Though business is booming, Rain for Rent is in no mood to celebrate. It knows it’ll suffer too if the customers it relies on go out of business.
“It’s a nasty type of situation,” said Mike Grundvig, a senior engineer for the firm. “We’ve got a six- to eight-week [backlog]. You just can’t respond. None of it is good for business in the long run. It’s not sustainable.”
Workers at Advanced Water Well Services are now servicing customers six days a week rather than the customary five to accommodate demand.
Richard Berry, a representative for the Madera, Calif.-based company at the expo, said some farmers have been scrambling to restore groundwater wells they had long neglected because there was ordinarily sufficient rain.
“A lot of people are turning on pumps for the first time in 20 years and finding they’re not working,” Berry said.
Part of the problem involves cave-ins, cracks in the piping and a phenomenon called subsidence, in which massive groundwater withdrawals are causing the ground to sink in areas of the Central Valley.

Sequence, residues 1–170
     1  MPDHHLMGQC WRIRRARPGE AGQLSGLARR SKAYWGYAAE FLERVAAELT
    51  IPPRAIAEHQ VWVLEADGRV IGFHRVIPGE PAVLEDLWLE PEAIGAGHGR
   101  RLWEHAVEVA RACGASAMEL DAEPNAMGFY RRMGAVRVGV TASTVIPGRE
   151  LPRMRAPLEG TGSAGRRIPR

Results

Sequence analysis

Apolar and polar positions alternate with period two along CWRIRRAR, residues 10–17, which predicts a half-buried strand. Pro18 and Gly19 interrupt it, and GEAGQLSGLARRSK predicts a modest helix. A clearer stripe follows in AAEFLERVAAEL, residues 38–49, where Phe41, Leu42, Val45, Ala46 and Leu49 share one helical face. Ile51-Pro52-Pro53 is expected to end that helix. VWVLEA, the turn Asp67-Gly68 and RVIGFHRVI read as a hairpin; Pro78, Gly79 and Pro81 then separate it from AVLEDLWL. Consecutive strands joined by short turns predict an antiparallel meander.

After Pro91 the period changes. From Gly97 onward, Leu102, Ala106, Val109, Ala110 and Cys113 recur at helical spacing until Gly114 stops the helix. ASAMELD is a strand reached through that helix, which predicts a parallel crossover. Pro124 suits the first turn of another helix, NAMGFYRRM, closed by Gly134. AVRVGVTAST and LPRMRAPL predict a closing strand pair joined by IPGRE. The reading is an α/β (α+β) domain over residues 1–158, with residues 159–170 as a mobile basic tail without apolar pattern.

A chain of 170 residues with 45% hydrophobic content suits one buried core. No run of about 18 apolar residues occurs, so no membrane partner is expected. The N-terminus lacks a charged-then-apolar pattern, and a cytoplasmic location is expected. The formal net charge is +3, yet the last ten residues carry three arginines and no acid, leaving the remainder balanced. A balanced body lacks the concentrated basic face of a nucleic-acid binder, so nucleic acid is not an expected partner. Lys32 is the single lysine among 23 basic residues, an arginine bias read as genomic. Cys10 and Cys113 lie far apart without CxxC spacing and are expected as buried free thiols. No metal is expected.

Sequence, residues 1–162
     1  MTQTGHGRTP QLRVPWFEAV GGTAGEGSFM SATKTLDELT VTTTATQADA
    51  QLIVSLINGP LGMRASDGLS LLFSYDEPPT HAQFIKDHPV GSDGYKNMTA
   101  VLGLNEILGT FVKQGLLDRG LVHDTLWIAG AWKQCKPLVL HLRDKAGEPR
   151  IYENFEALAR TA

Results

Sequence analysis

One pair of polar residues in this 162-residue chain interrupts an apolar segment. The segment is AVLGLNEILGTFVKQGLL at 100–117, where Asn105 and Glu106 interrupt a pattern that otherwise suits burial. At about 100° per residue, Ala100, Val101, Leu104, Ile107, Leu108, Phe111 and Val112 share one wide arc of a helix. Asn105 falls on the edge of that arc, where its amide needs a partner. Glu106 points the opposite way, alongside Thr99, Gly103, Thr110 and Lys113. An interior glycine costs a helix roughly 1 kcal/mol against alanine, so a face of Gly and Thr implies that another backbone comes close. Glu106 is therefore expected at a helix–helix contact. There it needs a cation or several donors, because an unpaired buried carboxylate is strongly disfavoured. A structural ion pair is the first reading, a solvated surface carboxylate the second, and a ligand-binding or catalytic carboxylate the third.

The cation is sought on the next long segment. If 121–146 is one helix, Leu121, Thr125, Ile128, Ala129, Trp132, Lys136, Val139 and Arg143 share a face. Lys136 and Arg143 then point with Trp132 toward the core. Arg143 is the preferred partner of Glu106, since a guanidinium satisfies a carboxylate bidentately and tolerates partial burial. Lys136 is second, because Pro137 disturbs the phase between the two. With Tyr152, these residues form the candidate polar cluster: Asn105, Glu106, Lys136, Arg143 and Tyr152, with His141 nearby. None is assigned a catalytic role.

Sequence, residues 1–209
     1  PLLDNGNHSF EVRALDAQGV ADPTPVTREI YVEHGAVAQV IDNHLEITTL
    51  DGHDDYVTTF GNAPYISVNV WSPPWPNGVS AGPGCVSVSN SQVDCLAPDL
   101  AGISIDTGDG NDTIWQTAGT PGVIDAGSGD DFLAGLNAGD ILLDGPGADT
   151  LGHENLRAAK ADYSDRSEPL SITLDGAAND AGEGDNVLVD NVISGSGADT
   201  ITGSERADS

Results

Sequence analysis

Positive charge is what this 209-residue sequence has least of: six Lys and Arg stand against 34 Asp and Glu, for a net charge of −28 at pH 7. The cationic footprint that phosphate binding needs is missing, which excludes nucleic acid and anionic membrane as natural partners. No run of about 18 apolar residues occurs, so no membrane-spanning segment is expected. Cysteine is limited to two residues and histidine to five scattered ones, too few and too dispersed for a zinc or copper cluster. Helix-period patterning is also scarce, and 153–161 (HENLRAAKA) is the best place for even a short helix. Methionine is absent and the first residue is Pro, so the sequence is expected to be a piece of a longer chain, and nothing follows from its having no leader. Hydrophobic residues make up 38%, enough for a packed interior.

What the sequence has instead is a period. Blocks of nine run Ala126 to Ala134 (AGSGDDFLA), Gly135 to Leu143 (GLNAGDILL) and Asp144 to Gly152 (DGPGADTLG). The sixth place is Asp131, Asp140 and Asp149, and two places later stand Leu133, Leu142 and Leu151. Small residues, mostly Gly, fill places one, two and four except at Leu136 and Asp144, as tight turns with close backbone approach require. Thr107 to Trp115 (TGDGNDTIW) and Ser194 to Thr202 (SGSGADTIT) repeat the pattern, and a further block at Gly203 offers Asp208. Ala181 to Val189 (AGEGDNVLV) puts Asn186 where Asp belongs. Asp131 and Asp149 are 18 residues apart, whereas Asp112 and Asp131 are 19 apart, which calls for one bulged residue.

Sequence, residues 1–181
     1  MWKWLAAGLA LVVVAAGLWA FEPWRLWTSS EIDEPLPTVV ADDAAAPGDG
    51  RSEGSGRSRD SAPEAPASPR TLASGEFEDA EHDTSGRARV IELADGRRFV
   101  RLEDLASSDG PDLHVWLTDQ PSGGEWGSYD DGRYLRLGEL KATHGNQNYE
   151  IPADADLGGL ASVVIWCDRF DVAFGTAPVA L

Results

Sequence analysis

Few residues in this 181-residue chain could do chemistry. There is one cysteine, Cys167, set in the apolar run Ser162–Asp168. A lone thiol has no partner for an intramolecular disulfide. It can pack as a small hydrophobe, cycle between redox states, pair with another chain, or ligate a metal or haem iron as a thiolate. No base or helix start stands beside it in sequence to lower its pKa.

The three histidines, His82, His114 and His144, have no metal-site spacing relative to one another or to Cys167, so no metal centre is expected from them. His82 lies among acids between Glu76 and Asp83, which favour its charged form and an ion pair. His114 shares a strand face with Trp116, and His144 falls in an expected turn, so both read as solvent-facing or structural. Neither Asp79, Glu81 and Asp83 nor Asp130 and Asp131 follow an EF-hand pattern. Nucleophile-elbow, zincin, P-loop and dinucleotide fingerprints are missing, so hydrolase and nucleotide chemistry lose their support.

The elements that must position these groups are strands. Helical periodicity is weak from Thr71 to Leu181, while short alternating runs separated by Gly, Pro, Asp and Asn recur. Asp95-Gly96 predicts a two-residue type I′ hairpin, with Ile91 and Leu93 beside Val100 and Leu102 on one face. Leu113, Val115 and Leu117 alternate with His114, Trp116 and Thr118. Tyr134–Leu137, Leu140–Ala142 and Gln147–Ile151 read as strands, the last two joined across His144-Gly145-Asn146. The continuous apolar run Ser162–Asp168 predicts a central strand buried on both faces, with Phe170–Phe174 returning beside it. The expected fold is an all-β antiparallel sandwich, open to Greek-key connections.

Berry’s company is able to thread equipment down a well to patch holes. The service, which includes a new pump, can cost between $20,000 and $30,000.
Berry said that’s more cost-effective than drilling a new well, which can exceed $100,000 — and that’s if you can secure a driller. Waiting lists are said to have stretched to six months in some areas. And as more competition for groundwater forces growers to drill deeper, power companies are being asked to perform upgrades to deliver more energy to operate stronger pumps. That, too, has a long waiting list.
“It’s just a mess,” Berry said. “Sometimes a farmer will need a loan to fix their well but the banks won’t lend to a farmer with no water.”
With water looking ever more precious, more growers are turning to efficient irrigation practices to minimize waste and boost yields.
California’s $45-billion agricultural sector consumes 80% of the state’s water supply. An educational exhibit for children at the expo grounds drilled home that point with a plush cheeseburger toy. Stitched onto each ingredient was the amount of water it required to grow — from 1.5 gallons for the piece of lettuce to 616 gallons for the beef patty.